There you go again!

One hears lots of silly things said at MR conferences and one of the silliest and oft-repeated refrains is that you can't do surveys with probability samples any more. There are even those who say that you never could. As often as I get the chance I point out that that's total nonsense. Lots of very serious organizations draw high quality probability samples all the time and get very good results. The prime example here in the US is the Current Population Survey, the government survey used as the basis for calculating the unemployment rate each month. Pretty much everything that comes from Pew is based in probability sample surveys as are many of those political polls that we follow so breathlessly every four years.

The concept of a probability sample is very straightforward. The standard definition is a sample for which all members of the frame population have a known, nonzero chance of selection. Unless you have a complex stratified or multi-stage design it's a pretty simple concept. As long as you have a full list of the population of interest to draw on and everyone has a chance to be selected the resulting sample can be said to represent the population of interest. But there are some serious challenges in current practice.

The first is assembling a frame that includes the entire population you want to study. For example, because of the rise of cell phone only households the landline frame that used to contain the phone numbers of well over 90% of US households no longer does. So it has become standard practice to augment the landline frame with a cell phone frame to ensure full coverage of the population. Clients often can supply customer lists that do a good job of covering their full customer base and we can draw good samples from them as well. Online panels are problematic because they use the panel as the frame and it contains only a very small fraction of the total population.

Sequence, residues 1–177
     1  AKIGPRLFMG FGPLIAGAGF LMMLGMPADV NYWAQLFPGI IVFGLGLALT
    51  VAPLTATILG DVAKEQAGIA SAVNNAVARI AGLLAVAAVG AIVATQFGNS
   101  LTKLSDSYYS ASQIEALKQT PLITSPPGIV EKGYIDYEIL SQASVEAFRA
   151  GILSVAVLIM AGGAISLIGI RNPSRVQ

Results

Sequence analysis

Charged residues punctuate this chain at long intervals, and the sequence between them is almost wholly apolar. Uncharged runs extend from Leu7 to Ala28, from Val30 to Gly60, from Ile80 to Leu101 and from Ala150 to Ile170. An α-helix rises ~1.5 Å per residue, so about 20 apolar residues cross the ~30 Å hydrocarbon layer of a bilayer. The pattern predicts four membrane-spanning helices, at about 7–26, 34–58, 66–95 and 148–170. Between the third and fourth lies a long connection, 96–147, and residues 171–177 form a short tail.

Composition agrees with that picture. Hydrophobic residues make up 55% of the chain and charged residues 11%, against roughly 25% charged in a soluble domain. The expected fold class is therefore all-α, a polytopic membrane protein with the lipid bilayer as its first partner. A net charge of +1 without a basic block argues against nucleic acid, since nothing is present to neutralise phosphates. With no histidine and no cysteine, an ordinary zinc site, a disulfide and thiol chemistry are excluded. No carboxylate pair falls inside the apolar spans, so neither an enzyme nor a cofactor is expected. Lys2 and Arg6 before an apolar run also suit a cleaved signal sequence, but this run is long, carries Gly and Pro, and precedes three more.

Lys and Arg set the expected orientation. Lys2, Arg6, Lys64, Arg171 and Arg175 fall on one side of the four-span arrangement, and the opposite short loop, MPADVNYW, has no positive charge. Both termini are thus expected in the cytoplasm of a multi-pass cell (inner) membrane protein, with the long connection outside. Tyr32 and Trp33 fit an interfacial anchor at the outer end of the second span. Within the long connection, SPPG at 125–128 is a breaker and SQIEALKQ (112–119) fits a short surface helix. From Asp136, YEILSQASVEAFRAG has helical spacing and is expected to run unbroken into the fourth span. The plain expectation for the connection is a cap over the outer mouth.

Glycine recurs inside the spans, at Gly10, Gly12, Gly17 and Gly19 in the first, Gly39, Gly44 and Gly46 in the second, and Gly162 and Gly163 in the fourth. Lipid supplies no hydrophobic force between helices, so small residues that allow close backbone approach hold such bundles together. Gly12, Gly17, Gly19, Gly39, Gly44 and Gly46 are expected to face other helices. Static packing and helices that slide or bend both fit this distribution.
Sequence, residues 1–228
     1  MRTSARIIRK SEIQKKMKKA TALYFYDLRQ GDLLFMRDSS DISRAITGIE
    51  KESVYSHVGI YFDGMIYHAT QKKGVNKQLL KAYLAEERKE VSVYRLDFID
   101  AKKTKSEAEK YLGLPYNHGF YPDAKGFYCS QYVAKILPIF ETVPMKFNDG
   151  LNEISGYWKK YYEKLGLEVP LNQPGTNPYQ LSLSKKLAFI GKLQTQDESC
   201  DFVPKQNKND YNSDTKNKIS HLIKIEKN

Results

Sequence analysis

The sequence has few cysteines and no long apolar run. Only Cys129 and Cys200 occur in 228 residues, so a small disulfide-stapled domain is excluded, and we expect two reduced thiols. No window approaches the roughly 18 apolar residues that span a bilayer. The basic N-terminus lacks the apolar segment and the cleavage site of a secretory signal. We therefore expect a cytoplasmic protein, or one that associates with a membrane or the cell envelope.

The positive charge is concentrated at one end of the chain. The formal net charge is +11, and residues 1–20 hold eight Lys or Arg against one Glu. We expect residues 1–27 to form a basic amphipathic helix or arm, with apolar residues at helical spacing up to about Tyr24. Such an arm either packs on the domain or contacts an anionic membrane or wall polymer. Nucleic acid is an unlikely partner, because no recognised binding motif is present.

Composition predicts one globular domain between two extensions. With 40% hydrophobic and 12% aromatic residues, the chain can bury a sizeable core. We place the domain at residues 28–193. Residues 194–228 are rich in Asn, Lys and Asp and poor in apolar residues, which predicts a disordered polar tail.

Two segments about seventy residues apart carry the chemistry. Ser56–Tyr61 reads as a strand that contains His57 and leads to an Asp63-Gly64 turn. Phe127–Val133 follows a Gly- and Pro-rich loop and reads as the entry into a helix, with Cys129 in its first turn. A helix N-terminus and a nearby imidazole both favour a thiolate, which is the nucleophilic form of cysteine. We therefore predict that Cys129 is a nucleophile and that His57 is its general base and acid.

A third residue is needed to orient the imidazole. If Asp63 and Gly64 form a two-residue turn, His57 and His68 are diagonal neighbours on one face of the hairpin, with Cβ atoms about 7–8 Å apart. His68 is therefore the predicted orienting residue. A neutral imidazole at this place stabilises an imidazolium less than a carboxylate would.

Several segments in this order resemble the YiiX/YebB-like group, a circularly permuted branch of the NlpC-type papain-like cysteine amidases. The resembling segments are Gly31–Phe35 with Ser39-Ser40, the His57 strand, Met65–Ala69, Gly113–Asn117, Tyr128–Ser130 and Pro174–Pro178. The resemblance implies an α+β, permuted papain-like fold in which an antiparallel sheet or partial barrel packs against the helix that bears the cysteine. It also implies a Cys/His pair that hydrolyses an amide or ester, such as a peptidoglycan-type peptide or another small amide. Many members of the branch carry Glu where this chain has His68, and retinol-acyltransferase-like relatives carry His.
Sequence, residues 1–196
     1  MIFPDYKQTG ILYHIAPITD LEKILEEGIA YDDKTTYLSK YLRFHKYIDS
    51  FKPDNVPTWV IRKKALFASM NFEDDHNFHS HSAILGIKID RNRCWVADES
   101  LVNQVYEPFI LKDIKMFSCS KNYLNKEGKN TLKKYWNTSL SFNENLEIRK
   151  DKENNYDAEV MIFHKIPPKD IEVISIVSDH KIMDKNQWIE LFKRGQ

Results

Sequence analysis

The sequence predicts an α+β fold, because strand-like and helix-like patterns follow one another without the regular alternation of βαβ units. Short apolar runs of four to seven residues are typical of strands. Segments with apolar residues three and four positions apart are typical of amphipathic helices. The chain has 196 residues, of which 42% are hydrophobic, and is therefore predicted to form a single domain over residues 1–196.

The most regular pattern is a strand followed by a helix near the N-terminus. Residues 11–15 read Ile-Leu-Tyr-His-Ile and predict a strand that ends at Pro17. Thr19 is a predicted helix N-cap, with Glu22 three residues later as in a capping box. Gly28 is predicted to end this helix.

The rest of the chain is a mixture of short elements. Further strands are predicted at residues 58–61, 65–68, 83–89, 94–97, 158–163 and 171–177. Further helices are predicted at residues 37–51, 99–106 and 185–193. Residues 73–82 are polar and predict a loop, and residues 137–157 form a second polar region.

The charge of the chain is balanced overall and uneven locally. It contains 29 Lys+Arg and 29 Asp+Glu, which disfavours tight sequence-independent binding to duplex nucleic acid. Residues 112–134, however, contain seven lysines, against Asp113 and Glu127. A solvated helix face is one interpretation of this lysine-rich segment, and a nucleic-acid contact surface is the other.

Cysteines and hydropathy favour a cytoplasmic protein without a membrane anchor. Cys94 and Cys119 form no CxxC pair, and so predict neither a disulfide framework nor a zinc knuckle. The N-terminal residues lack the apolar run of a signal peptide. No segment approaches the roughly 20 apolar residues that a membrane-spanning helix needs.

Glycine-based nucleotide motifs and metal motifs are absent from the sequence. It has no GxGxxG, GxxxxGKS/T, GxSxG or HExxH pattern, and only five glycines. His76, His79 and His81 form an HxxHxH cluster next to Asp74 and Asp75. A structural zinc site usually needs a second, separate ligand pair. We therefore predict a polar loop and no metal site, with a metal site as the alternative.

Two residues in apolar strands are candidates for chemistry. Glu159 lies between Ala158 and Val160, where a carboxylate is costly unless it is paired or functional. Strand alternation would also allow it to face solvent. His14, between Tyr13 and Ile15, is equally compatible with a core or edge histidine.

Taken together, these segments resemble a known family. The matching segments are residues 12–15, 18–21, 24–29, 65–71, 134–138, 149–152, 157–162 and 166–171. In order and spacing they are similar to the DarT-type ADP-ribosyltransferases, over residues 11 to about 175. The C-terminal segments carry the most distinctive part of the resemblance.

The second major challenge is declining cooperation. While there are studies that show even surveys with alarmingly low response rates can produce accurate estimates, low response rates make everyone nervous, raise fears of representivity and call results into question. The Current Population Survey gets 90% plus and so we trust the employment rate, but that kind of response is very unusual.

There are other challenges as well but I think it's the deterioration of the landline frame and very low response rates that cause some people to think that probability sampling is no longer possible. Anyone willing to spend the time and the money will get very accurate estimates from a probability sample, better than anything they'll get with an online panel or other convenience samples.

As I have written numerous times on this blog, the lure of online has always been that it's fast and cheap, not that it's better. And depending on how the results are to be used the method can be just fine, fit for purpose. But sometimes the problem requires representivity and when it does probability sampling is still the best way to get it.

Those pesky robo-polls

A new issue of Survey Practice is out and among the short articles is one by Jan van Lohuizen and Robert Wayne Samohyl titled "Method Effects and Robo-calls." (Some colleagues and I also have a short piece on placement of navigation buttons in Web surveys.) Like most people I know I have little regard for the accuracy of robo-calling as a competitor to dual frame RDD/cell phone using live interviewers and this article provides some grist for that mill. The paper looks at 624 national polls and the specific issue of Presidential approval. I'll just quote their conclusion:

" . . . while live operator surveys and internet surveys produce quite similar results, robo-polls produce a significantly higher estimate of the disapproval rate of the President and a significantly lower estimate for 'no opinion', attributing the difference in results to non-response bias resulting from low participation rates in robo-polls."